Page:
Advanced Nuclear: Let’s Keep Our Minds Open

The other day, I was lucky enough to have connected with a group of a few dozen extremely senior scientists whose main beliefs I would summarize as follows:

• The damage being wreaked upon Earth from fossil fuels, principally in the form of anthropogenic climate change and ocean acidification, are realities that will completely overwhelm this planet in the coming few decades if humankind can’t or won’t do something to mitigate it.

• There are no forms of renewable energy that can come along in time in sufficient quantity to make a meaningful correction.

• Advanced nuclear is the only way out, and, thankfully, it’s full of promise.

We all need to accept the potential validity of advanced nuclear, which, though it can mean many things, largely it is about molten salt reactors, i.e., nuclear fission reactors that are safe (low pressure), efficient (high temperature), non-threatening (very low weapons potential) solutions with very little nuclear waste ramifications. The fissile reaction of thorium (Th232/U238) seems to hold the most promise.

Let’s keep our minds open.  In my opinion, the position of the people who categorically hate nuclear is really no stronger than that of people who think a woman’s place is in the home, or some other sort of idiocy.

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2 comments on “Advanced Nuclear: Let’s Keep Our Minds Open


Check out LFTR in 5 minutes The Liquid Fueled Thorium Reactor is not based on hot water or solid fuels that can melt down. It could have an extremely high level of safety. Thorium is 200 times as efficient as uranium. Thorium is a common element. After you have watched the 5 minute video please take 2 hours and watch which tells the whole story.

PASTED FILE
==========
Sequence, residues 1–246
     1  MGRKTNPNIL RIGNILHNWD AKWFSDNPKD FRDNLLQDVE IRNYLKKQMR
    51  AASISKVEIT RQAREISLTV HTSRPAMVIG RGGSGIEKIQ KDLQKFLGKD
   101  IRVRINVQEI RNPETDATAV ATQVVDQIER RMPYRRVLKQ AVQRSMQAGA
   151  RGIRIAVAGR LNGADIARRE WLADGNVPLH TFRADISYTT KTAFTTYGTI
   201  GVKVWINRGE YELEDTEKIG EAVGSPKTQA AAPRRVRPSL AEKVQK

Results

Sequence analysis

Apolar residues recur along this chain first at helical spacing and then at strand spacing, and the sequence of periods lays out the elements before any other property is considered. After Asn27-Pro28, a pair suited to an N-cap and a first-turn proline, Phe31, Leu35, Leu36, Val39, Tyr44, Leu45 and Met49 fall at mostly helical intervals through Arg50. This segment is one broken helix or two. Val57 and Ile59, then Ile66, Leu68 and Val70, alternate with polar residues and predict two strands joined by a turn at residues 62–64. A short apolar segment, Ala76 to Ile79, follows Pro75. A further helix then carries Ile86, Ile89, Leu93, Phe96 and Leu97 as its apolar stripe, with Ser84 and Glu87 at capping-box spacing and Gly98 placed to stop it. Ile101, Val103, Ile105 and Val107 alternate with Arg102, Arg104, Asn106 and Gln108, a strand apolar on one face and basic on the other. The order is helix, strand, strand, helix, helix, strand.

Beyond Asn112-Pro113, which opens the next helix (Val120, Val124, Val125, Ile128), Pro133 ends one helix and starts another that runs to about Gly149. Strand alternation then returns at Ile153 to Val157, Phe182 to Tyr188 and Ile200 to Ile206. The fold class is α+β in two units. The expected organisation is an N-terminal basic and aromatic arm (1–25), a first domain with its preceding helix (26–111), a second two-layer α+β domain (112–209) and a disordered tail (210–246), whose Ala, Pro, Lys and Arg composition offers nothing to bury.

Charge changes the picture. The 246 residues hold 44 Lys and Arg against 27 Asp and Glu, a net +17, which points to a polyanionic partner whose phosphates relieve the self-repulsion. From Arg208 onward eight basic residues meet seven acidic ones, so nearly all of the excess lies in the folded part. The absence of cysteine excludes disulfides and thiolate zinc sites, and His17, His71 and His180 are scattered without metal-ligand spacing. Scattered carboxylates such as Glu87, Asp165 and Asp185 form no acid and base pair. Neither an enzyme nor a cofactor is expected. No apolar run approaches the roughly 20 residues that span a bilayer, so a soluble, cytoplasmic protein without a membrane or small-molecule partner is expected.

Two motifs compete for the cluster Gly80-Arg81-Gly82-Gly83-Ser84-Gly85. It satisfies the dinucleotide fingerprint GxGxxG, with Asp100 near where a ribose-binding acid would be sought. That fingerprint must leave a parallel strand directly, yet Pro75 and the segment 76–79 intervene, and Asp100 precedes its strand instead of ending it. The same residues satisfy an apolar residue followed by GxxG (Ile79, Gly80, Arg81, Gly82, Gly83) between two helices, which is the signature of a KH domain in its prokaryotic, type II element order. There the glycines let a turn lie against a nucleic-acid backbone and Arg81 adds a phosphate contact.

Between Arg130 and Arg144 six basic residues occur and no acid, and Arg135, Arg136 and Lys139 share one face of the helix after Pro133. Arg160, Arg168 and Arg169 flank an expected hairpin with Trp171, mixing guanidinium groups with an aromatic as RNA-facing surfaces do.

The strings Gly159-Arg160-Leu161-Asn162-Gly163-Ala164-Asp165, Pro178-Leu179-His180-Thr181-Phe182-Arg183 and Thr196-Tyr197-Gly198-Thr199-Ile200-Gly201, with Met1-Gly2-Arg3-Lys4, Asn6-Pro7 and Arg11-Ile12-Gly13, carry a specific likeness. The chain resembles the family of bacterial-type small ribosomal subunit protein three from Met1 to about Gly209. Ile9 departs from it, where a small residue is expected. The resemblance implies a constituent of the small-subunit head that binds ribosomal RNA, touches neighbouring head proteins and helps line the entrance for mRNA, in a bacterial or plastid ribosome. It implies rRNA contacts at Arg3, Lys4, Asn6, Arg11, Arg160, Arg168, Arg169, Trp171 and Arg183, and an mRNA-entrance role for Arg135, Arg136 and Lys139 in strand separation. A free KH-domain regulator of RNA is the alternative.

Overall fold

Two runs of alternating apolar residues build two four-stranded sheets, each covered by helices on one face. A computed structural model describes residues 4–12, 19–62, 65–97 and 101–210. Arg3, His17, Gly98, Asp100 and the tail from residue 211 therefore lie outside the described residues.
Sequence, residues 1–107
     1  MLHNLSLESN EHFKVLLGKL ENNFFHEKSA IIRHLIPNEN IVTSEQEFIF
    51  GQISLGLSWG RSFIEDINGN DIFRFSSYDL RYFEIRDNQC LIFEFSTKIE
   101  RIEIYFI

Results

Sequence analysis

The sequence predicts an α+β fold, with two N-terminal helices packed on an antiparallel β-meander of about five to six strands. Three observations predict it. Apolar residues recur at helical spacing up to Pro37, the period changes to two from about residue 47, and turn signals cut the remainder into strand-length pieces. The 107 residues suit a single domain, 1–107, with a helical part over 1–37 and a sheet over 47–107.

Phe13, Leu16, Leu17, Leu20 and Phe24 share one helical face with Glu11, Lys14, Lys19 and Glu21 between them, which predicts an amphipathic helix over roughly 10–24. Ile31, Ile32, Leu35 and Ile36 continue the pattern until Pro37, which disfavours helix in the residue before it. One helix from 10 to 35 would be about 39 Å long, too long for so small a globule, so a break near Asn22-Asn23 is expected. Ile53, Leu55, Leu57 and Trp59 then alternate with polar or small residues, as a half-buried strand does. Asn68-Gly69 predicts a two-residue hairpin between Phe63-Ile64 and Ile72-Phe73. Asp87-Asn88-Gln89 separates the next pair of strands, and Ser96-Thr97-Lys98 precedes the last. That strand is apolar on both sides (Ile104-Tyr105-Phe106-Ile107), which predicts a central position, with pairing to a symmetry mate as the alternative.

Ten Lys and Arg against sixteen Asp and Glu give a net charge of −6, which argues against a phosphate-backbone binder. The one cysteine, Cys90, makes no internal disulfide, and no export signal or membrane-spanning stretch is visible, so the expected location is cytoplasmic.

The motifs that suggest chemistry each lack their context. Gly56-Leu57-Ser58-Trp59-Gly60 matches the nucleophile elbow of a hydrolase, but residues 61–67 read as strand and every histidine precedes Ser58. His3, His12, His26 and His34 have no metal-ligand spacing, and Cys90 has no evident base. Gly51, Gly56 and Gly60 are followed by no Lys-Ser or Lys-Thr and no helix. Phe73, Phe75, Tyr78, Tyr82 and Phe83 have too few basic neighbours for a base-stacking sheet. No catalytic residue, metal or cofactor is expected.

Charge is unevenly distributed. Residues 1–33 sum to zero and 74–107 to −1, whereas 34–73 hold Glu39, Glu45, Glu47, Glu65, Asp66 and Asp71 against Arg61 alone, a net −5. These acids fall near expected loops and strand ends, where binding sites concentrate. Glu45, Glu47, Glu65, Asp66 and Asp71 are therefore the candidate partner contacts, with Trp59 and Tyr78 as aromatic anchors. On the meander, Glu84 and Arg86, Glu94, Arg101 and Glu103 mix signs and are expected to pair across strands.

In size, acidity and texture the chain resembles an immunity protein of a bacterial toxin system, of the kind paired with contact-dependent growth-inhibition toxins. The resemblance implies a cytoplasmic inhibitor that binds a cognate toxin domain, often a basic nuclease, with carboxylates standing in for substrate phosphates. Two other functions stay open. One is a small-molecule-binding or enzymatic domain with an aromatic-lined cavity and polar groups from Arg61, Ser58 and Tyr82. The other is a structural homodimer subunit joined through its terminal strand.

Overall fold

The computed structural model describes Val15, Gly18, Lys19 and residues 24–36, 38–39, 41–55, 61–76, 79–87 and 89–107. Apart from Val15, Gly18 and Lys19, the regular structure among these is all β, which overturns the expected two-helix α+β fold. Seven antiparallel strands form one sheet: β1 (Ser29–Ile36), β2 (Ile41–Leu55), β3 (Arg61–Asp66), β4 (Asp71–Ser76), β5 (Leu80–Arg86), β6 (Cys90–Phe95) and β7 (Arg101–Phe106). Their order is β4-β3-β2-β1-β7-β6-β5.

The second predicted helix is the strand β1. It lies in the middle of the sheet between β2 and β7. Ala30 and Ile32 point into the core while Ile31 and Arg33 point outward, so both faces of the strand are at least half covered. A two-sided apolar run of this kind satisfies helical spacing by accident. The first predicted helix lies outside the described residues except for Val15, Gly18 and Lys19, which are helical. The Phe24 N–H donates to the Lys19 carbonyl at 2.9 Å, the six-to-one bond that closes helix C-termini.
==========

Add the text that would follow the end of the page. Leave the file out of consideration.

It is funny to read something I could have written ( or better, I did write ) a few years ago. I was sharing this exact same opinion a few years ago.

Then pandemonium ensued Fukushima. In the meantime solar and wind saw their installed capacity boom while their prices dropped so much it is hard to keep up.

Meanwhile, nuclear went the exact opposite direction : due to the horror that is taking place in Japan, safety measures have been increased, which increased costs and as if it was not enough time to build a plant.

Nowadays, a nuclear plant is immensely costly – ask the Norvegians who bought an EPR – and takes aeons to be built.

Let’s face it, nuclear isn’t an answer nowadays. In ten or twenty years– or fifty – perhaps it will.

Meanwhile, we gotta install as many solar panels and wind turbines – and plants of other renewables. And get moving on energy efficiency, something that is equally as important as renewables, if not more.

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